Interesting. Of course, most observers only had Bush losing the first debate and there was substantial criticism of Kerry’s performance in the third debate, especially the Mary Cheney flap. In a companion piece, Newspaper Picks: An Analysis of the 2004 Endorsements So Far, Greg Mitchell notes that Kerry picked up more than endorsements from the big papers in the swing states than Democratic candidates normally do.
Yes, everyone knows newspaper picks in presidential races don’t count for very much, but they do mean something. Surveys by E&P and others in previous years showed that roughly 5 to 10% of voters (or more) felt that editorials had some influence when they cast their ballots. In a battleground state that’s not insignificant.
In addition to the power of the endorsement itself, papers that endorse Kerry are presumably more likely to give more prominence to stories critical of Bush, even rather dubious ones like the explosives that may or may not have gone missing after our invasion of Iraq. In a tight race, that sort of thing matters a lot.
In related news, a survey of the writers at Slate reveals, to noone’s surprise, its bias: At this magazine, it’s Kerry by a landslide!
Jacob Weisberg makes a reasonable case that it’s a good idea to publish such polls in a piece entitled, “Our case for journalistic disclosure.”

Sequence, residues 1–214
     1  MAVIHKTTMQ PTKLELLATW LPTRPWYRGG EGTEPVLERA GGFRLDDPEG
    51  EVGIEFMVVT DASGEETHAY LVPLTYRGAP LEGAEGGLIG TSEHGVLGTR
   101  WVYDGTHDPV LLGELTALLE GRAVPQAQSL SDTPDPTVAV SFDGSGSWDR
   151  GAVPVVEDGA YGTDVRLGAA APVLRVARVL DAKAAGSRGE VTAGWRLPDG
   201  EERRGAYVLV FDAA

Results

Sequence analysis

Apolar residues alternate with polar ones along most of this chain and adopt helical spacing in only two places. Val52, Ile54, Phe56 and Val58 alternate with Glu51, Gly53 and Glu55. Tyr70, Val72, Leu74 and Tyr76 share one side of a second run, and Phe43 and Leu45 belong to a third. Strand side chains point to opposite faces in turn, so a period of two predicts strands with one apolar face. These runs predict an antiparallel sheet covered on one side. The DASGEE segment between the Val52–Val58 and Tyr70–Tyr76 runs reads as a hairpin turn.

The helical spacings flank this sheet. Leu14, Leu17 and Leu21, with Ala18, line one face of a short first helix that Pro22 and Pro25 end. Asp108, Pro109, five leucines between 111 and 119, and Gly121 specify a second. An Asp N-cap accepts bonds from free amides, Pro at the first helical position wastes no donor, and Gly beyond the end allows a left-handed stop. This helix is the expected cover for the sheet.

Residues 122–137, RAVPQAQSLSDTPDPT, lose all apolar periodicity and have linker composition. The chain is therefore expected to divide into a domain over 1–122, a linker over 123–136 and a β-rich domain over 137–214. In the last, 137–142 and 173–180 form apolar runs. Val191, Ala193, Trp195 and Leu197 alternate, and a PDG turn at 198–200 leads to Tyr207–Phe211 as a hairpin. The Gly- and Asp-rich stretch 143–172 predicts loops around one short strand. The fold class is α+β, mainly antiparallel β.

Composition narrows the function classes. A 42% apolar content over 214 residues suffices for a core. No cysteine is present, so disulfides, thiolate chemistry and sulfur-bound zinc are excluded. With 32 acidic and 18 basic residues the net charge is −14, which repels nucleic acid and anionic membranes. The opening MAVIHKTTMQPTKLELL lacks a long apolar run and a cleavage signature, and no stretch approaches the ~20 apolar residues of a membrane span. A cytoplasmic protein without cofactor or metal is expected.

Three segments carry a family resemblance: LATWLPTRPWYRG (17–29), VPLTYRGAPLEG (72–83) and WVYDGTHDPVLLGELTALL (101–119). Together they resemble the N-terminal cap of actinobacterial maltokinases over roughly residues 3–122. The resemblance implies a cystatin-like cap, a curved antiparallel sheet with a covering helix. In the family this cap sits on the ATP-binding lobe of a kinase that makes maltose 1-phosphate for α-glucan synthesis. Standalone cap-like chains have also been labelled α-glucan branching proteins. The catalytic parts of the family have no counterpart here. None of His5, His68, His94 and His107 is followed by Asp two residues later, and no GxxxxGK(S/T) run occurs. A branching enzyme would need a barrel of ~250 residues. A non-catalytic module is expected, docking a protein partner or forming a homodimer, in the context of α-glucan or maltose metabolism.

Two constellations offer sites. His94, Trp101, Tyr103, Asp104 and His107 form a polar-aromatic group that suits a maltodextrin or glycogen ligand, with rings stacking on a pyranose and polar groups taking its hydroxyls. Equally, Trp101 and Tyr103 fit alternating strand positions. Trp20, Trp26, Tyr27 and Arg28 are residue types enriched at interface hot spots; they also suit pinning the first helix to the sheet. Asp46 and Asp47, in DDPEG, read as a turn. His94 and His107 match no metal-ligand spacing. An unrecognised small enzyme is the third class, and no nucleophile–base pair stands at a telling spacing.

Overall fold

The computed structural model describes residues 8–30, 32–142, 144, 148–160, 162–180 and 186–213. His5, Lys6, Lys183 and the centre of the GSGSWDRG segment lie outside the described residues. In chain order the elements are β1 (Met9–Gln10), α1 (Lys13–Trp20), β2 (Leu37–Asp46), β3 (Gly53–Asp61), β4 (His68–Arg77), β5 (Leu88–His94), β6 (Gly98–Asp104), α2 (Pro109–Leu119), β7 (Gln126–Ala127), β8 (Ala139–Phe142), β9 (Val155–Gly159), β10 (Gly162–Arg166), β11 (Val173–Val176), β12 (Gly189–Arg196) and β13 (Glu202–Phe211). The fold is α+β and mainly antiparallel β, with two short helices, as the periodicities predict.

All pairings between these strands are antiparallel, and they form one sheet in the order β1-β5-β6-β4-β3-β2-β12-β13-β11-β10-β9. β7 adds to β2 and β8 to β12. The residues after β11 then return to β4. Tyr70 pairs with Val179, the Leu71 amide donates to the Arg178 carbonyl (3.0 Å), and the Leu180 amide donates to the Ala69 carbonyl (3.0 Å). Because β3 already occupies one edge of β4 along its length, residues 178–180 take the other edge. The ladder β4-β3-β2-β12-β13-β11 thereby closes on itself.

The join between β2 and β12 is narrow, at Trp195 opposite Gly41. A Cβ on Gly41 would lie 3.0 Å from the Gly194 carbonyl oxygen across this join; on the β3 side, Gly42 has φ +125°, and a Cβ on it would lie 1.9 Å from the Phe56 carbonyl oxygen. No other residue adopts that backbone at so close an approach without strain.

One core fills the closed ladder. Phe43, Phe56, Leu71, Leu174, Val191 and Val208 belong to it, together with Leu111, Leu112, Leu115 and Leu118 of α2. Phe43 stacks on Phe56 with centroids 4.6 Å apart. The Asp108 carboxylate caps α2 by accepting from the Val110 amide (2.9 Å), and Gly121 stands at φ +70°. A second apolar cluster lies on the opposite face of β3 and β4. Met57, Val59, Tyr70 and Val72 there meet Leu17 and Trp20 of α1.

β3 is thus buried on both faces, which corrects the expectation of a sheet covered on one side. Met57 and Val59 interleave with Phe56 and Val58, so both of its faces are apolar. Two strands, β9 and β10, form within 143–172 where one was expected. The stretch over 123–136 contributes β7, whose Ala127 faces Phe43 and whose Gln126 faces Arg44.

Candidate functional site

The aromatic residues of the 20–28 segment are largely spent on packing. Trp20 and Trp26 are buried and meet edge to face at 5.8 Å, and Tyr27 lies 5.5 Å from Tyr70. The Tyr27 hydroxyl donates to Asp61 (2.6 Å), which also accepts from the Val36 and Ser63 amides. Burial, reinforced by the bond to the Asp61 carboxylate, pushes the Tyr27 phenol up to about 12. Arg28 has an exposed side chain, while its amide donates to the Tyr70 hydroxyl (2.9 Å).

Today Slate continues a tradition initiated four years ago, when we asked our staff and contributors to tell us who they voted for on Election Day 2000. Last time, the tally was 29 for Gore; 4 for Bush; 2 for Nader; and 2 for Harry Browne, the Libertarian candidate. This time, we’ve cast a slightly wider net and caught 45 for Kerry; 4 for Bush; 1 for Michael Badnarik (Libertarian); and 1 for David Cobb (Green). Interesting footnotes: One of those who voted for Bush in 2000 (our former publisher) has switched to Kerry. (The other Bush 2000 voters aren’t in this year’s survey.) One contributor who voted Libertarian in 2000 is now supporting Bush. The other three Bush supporters are new to Slate since the last election. One current Kerry voter, Daniel Drezner, was a Bush campaign adviser last time around.
Other than curiosity, we’re conducting this voluntary poll again for two main reasons. The first is to do something in lieu of an official endorsement by the magazine. Slate is a journal of opinion, but those opinions usually differ. Even writers who agree about a conclusion seldom cite the same reason. Collectivizing the fruit of unconventional minds in an endorsement would either ignore many views or yield a mushy compromise. It seems much more satisfactory to tell you who we’re endorsing individually at the voting booth.
The second reason is one Michael Kinsley and Jack Shafer cited when we conducted our survey in 2000: to emphasize the distinction between opinion and bias. Journalists, like people, have opinions that influence their behavior. Reporters and editors at most large news organizations in the United States are instructed to keep their opinions to themselves to avoid creating an impression of partisanship. Len Downie, the executive editor of the Washington Post, famously goes so far as to avoid even voting. Slate, which is a journal of opinion, takes precisely the opposite approach. Rather than bury our views, we cultivate and exhibit them. A basic premise of our kind of journalism is that we can openly express what we think and still be fair.
Of course, this information would be far more useful earlier in the election cycle.